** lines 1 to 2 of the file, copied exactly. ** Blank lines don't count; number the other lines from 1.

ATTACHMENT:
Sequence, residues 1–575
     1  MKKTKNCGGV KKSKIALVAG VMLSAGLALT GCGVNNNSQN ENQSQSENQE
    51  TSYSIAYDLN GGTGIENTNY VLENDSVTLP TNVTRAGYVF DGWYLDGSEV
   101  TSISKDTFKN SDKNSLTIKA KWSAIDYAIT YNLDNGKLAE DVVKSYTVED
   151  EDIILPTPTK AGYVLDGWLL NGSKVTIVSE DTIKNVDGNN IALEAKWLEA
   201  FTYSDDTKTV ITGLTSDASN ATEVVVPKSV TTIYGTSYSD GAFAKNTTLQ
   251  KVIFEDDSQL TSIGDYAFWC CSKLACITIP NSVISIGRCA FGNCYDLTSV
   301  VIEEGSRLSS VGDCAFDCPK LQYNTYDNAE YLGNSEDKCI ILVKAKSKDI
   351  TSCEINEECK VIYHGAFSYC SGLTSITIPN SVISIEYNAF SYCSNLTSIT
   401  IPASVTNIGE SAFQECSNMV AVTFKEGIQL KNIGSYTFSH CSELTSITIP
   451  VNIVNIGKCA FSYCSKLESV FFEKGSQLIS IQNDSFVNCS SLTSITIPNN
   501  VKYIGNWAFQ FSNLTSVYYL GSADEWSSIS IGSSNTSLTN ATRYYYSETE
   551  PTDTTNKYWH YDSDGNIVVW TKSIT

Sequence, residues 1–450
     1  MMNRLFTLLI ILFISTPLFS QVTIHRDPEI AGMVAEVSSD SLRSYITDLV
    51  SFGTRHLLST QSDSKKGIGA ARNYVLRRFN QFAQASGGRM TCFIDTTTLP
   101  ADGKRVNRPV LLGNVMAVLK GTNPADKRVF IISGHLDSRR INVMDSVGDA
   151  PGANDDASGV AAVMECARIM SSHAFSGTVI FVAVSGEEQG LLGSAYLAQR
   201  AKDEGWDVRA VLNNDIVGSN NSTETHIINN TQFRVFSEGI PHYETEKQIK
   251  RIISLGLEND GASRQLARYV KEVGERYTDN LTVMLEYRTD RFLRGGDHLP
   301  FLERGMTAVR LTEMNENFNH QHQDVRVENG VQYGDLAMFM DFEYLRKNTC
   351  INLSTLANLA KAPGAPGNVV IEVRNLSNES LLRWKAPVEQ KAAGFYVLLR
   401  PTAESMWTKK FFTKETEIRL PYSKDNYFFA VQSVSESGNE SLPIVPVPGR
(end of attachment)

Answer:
Sequence, residues 1–575
     1  MKKTKNCGGV KKSKIALVAG VMLSAGLALT GCGVNNNSQN ENQSQSENQE